Who Benefits from Family Support? Work Schedule and Family Differences
Kristen Jennings, Robert Sinclair, Cynthia Mohr
Industrial/Organizational Psychology (College of Business and Behavioral Science)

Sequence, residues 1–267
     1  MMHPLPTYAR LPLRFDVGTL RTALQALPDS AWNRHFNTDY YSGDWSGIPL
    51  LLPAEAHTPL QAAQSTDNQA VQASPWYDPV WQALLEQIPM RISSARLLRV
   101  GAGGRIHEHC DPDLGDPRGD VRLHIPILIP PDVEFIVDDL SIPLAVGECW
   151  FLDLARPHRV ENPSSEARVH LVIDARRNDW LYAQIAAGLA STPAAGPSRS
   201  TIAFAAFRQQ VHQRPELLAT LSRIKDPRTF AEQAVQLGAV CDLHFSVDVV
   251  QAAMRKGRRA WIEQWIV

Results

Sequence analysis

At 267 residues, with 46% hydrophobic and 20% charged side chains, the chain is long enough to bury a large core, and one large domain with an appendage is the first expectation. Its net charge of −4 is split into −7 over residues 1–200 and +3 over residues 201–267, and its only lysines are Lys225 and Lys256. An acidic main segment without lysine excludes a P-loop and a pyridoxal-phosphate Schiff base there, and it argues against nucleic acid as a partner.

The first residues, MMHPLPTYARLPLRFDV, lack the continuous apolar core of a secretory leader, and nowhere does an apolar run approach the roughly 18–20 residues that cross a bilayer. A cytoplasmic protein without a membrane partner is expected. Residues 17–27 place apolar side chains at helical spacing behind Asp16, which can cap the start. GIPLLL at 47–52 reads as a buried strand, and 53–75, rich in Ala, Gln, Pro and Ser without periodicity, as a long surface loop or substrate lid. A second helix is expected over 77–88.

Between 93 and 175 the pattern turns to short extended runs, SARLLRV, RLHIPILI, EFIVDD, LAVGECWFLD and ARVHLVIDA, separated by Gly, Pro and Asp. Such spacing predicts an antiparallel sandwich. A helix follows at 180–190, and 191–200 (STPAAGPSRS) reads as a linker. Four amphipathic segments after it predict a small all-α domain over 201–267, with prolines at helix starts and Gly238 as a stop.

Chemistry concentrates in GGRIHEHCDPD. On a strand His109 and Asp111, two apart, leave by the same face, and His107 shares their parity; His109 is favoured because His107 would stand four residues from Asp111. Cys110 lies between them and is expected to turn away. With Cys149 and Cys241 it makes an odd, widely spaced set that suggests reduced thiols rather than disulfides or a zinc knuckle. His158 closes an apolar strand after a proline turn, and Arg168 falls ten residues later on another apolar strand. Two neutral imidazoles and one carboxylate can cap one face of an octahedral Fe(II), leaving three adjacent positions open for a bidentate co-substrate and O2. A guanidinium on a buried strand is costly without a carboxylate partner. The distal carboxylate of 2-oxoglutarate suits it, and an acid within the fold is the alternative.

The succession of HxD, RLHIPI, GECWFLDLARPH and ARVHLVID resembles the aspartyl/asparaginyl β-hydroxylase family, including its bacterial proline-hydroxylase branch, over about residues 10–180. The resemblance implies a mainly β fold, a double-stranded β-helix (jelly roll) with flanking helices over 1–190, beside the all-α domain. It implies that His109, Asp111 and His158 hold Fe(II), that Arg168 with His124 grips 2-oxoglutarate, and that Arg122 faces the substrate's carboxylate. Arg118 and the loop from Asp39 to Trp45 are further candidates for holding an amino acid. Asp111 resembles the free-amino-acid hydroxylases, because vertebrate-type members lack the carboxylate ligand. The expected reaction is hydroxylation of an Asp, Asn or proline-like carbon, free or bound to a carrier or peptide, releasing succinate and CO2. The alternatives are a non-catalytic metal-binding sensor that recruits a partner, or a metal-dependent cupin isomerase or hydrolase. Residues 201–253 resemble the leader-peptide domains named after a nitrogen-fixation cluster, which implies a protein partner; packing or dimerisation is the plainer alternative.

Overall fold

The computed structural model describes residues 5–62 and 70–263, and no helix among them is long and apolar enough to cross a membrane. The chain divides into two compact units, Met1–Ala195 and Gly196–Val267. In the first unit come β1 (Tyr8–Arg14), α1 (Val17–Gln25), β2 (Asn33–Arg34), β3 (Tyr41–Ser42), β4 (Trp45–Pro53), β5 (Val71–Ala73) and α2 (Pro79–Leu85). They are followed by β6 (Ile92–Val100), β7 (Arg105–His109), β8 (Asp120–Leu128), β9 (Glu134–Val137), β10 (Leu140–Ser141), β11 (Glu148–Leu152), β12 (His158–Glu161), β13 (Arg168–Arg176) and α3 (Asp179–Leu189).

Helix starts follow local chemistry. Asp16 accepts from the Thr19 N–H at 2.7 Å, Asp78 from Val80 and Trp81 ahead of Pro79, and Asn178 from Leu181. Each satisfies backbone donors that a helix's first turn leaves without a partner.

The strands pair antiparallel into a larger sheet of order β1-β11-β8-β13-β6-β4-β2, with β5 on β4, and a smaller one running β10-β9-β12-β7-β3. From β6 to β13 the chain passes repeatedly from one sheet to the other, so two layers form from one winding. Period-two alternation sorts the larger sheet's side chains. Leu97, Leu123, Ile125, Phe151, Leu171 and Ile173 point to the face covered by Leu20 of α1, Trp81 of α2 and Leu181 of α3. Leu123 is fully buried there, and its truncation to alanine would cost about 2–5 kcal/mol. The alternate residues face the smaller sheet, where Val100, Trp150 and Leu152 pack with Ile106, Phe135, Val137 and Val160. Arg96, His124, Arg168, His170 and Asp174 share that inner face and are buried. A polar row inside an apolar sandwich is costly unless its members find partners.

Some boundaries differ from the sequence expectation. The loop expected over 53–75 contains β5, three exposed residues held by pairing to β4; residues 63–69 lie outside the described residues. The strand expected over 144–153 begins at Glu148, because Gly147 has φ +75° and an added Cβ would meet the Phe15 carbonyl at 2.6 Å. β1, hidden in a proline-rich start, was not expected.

Many workers struggle with balancing work and family life. Consequently, organizations commonly create policies and initiatives to support work-family balance; however, benefits of formal efforts may be minimal if employees do not also perceive their organization as family-supportive. The present study examined relationships between family supportive organizational perceptions (FSOP) and health outcomes, as well as how those effects may depend on work schedule and family differences. Using a sample of 330 nurses, the findings indicated that FSOP predicted several health and well-being outcomes. Further, the effects of FSOP depended on some work schedule and family differences. In terms of family differences, FSOP was most strongly related to life satisfaction for those who cared for dependent adults and the effects of FSOP on health outcomes were stronger for those with dependent children. Regarding schedule differences, the effect of FSOP on life satisfaction was strongest for those on non-standard (evening/night) shifts as compared to day shift; however, there were no differences in FSOP effects by hours worked per week. The findings demonstrate that FSOP may benefit some employees more than others. Such differences need to be incorporated into future work-family theory development and into efforts to document the effectiveness of family-supportive practices.